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4. Leukerbad, Switzerland

Leukerbad, found in the mountainous Swiss region of Valais, is a gorgeous alpine spa town once cherished by the ancient Romans. Still popular to this day, Leukerbad now attracts crowds of skiers and snowboarders visiting the region for its winter sports facilities. There are more than 50 hot springs in the town.

Visitors to Leukerbad should make the trip to Lindner Alpentherme, which is the biggest high-altitude spa complex anywhere in Europe. Another popular spot is the Walliser Alpentherme and Spa, where bathers can relax while enjoying a glorious view of the Alps.

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5. Karlovy Vary, Czech Republic

Karlovy Vary, or Karlsbad, is a spa town in the Czech Republic’s Teplá River Valley. It rose to prominence in the 19th century and became known as ‘the biggest open-air salon in Europe’. The area is home to more than a dozen large springs as well as hundreds of smaller ones.

Visitors to Karlovy Vary can find five large springs along the Mill Colonnade walkway in the centre of the town. There are also a whole range of spa resorts, such as the Hotel Thermal, Imperial Baths and the Elizabeth Baths. South of the town, visitors can find the Pramen Vřídlo geyser, which can shoot water some 10 metres in the air.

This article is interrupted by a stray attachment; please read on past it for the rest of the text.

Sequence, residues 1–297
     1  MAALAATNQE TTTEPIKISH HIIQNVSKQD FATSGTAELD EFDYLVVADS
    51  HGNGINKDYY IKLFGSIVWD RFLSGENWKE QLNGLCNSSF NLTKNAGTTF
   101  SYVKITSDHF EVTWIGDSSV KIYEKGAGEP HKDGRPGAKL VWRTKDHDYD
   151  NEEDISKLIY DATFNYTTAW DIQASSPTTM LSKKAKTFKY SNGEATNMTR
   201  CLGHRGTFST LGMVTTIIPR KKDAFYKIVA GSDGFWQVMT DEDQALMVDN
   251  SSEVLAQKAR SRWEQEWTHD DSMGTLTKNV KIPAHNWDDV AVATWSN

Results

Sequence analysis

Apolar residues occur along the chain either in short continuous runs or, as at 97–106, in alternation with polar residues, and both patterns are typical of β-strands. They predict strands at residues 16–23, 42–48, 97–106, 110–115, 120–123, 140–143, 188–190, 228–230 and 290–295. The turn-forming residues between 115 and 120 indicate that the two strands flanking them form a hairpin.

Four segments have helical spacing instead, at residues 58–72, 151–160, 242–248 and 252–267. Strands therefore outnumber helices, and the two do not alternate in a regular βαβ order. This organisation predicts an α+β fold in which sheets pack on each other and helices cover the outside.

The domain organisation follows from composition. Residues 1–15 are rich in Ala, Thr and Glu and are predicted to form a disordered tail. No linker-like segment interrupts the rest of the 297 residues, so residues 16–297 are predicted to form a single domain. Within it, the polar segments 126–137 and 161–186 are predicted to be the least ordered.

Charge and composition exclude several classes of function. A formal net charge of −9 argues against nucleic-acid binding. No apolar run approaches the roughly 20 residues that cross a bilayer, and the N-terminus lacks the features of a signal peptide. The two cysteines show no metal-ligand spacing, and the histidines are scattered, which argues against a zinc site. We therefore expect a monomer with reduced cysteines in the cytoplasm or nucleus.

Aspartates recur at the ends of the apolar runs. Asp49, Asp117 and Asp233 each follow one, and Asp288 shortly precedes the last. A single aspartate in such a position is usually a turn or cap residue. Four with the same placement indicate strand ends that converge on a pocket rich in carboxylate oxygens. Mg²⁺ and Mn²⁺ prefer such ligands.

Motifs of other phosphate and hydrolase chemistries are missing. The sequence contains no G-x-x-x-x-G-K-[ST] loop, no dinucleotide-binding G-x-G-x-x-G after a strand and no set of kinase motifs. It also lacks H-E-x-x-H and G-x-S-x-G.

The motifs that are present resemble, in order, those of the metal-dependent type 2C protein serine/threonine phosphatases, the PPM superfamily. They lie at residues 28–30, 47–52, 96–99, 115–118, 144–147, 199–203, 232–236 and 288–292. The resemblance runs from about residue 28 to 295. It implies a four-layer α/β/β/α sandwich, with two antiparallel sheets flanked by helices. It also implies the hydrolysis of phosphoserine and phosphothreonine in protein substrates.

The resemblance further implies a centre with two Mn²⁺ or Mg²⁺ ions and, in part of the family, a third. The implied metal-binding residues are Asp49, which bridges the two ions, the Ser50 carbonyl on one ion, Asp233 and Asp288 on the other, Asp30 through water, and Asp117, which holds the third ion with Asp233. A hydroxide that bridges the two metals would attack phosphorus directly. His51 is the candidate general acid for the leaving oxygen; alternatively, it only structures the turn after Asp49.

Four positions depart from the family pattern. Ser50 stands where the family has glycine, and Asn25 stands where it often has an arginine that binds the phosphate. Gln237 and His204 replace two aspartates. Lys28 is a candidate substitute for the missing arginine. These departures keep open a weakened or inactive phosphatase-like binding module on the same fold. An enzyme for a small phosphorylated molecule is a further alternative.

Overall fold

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6. Baden bei Wien, Austria

Translating to ‘Baths by Vienna’, Baden bei Wien is a spa town roughly 25 miles south of the Austrian capital, Vienna. Known for its supposedly medicinal waters, which are high in sulphur, the town has been a popular spa site for centuries. Sometimes known as the ‘Spa of Emperors’, the town has hosted guests such as Ludwig van Beethoven, Wolfgang Amadeus Mozart and various Habsburg royals.

Today, Baden bei Wien’s two most renowned spas are the Römertherme and Badener Hof, both of which are supplied by the town’s natural springs. Aside from enjoying the town’s famed waters, visitors to Baden bei Wien can take a stroll around the picturesque streets and enjoy the glorious architecture – or perhaps visit the Casino Baden.

Image Credit: Shutterstock

7. Bath, UK

The city of Bath, UK, is home to the world-famous Roman Baths complex, an impeccably preserved ancient Roman bathing house. The Romans Baths were initially built as part of the town of Aqua Sulis, which was founded in 44 AD. Vast and lavish, the baths were able to accommodate far more people than just the residents of this town and were intended as visiting spots for Romans across the Empire.

Today, the Roman Baths offer a comprehensive insight into the lives of the ancient Romans in the town and around Britain. While the site looks quite small from the outside, a visit can last several hours. There is a comprehensive museum on-site, dedicated to exploring the lives of the ancient Roman citizens of Bath. Around the Great Bath itself, you can enjoy the numerous saunas, swimming pools and heated baths.